To do this, utilities should look to break down internal silos and build cross-functional teams that bring together people from different departments. Asset planning teams should combine finance, operations and maintenance, customer service, and any other group that will be impacted by long-term capital investments. This range of voices and perspectives strengthens decision-making and allows for more in-depth conversations on potential projects. 

Leadership also plays an important role. Because the full payoff may only be seen down the road,  utility leadership must be champions of data and lead the push to improve the collection, storage, and use of data within their organization.

Leveraging Specialized Grid Planning Software

As mentioned, utilities have struggled to generate accurate grid investment planning data using generic business intelligence applications. Instead, utilities can turn to an advanced grid investment planning tool that has been designed and built specifically for the electric power industry.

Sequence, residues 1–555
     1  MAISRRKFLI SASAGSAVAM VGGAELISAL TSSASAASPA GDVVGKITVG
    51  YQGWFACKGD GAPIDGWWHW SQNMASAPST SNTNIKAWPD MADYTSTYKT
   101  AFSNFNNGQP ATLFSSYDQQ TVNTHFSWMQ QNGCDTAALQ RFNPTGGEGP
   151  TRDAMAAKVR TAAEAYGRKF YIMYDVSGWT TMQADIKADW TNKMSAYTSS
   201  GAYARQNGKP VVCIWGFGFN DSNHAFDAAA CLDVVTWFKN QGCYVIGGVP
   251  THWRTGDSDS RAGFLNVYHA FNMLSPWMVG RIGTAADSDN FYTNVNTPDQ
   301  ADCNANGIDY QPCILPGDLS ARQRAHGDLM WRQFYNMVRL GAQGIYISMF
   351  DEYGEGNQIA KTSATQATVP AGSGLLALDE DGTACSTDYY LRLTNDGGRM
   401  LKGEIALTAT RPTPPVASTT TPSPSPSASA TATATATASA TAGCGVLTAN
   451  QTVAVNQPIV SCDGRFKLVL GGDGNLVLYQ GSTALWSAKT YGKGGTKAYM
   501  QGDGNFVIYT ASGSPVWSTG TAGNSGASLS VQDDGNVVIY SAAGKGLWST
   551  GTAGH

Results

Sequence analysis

The data-driven platform automates the process of investment scenarios and forecasting while making it easier to manage asset health, optimize reliability, forecast performance, and ensure regulatory compliance. 

By providing analytics and leveraging asset data, such as age and condition, the software automatically generates prioritized investment policies based on each asset’s quantified risks, allowing for continuous improvement and better, faster decision-making. 

With improved access to relevant data, utilities have the intelligence needed to prioritize investments and undertake capital projects that provide long-term benefits to the organization.

Making Stronger Asset Planning Decisions

The electric grid is a highly complex system that needs to operate safely, reliably, and effectively. Any potential failure can have substantial consequences in the form of lost revenue, regulatory penalties, and a damaged reputation.